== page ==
Being Extremely Online can be can a lonely and isolating lifestyle, at times. Maybe that dank meme you uploaded to Reddit got upvoted 32,000 times or you had a tweet that went somewhat viral—but that doesn’t mean squat in the real world. Recently, this sad phenomenon was captured in this “they don’t know,” or, “I wish I was home” meme that’s been circulating on the internet.
How the "they don't know" meme originated
The meme's origin dates back all the way to December 2009, according to Know Your Meme, when a crude, MS Paint drawing of Feels Guy (also known as Wojak)—a character popular for depicting feelings of melancholy, regret, or loneliness as a reaction meme—was uploaded to a humor website. The meme illustrated Wojak standing in the corner at a party while others happily socialized around him, to depict feelings of inadequacy in social situations.
"I wish I was at home playing video games," states the caption, adding, "The music is too loud, my feet hurt, I'm hungry."
However, the meme resurfaced in November 2020, where it took the sentiment a step further.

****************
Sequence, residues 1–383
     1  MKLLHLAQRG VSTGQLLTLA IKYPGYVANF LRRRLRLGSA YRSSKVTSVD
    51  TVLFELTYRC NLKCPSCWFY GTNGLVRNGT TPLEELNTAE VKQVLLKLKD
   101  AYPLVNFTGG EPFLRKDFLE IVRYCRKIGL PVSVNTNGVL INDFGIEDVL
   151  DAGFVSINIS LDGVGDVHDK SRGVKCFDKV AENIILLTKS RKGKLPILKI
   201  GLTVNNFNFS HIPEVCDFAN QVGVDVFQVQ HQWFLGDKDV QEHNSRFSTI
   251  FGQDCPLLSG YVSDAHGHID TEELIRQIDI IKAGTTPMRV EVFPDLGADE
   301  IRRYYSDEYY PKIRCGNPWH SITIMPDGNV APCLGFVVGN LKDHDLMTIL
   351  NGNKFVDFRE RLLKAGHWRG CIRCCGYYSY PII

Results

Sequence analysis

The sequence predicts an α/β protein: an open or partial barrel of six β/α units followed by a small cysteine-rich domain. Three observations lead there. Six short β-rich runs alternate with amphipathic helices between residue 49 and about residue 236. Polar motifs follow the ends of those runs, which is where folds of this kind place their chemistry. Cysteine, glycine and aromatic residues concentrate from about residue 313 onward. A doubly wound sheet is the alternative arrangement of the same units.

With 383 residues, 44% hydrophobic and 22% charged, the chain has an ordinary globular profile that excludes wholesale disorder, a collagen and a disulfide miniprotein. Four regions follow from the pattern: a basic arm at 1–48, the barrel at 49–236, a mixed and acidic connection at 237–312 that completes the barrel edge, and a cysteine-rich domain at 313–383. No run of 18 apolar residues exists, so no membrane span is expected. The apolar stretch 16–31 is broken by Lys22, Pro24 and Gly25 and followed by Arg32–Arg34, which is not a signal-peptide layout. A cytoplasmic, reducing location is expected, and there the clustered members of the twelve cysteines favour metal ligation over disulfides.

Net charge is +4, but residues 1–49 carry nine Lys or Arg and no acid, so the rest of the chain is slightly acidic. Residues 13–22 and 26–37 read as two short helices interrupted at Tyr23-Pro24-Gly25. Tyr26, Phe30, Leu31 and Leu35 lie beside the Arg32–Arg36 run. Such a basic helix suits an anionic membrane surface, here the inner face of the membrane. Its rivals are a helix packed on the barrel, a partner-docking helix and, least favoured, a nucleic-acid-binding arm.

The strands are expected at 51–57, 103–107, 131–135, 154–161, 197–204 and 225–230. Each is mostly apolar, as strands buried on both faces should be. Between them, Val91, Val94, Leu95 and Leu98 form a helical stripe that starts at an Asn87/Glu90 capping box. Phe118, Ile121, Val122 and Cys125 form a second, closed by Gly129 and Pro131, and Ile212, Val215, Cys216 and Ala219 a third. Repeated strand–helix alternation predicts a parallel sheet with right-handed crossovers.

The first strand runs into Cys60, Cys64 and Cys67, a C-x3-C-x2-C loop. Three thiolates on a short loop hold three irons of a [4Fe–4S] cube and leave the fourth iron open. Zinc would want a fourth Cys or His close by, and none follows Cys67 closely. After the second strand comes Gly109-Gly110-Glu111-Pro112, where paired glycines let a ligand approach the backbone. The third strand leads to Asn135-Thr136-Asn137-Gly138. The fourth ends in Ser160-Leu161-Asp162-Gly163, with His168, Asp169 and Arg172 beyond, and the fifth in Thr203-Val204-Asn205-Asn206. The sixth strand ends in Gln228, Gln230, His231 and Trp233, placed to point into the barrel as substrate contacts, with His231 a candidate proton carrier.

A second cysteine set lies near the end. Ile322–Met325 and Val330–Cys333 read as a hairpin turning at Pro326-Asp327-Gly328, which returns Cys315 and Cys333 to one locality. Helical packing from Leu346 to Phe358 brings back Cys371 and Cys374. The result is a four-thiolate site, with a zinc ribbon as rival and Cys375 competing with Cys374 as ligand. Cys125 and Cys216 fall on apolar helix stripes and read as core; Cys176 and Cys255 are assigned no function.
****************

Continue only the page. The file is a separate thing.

Twitter user @urmomlolroasted is credited with the resurgence of the meme, which once again depicts Wojak standing in the corner at a party. Only this time, he's watching his fellow partygoers have a great time while he ruminates, "They don't know I'm mildly popular on left Twitter."
In less than two weeks, the tweet was liked over 200,000 times. Clearly, it resonated with more than a few folks who know all too well the pain of having contextually impressive online achievements that are virtually irrelevant in social situations.
As the meme began to circulate on Twitter, Instagram, and Reddit, others came up with similar variations. As you can see from the examples below, the "they don't know" setup was followed by everything from owning a "mildly popular instagram account" and literally starting the meme, to being good at speedrunning in Super Mario 64.
As the meme continued to spread, others began to get creative with it. In some instances, the "they don't know" referred to having blush on your nose under your mask at the grocery store or running for mayor of New York City. Other examples took it meta or removed the "they don't know" setup entirely.
The following example mashes up "they don't know" with the relatively obscure Rugrats stuck in Paris-Joker meme.
Though many of us feel inadequate in social situations, at least it will probably be six months to a year before those are a thing again? In the meantime, rest easy knowing that you're still a king on the internet—don't let anyone tell you otherwise.